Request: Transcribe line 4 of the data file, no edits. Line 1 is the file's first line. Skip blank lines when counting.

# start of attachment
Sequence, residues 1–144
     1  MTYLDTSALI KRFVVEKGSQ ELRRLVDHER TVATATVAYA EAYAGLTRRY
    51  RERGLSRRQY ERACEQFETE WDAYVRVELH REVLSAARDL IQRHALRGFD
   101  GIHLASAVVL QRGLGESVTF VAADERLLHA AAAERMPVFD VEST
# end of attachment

   101  GIHLASAVVL QRGLGESVTF VAADERLLHA AAAERMPVFD VEST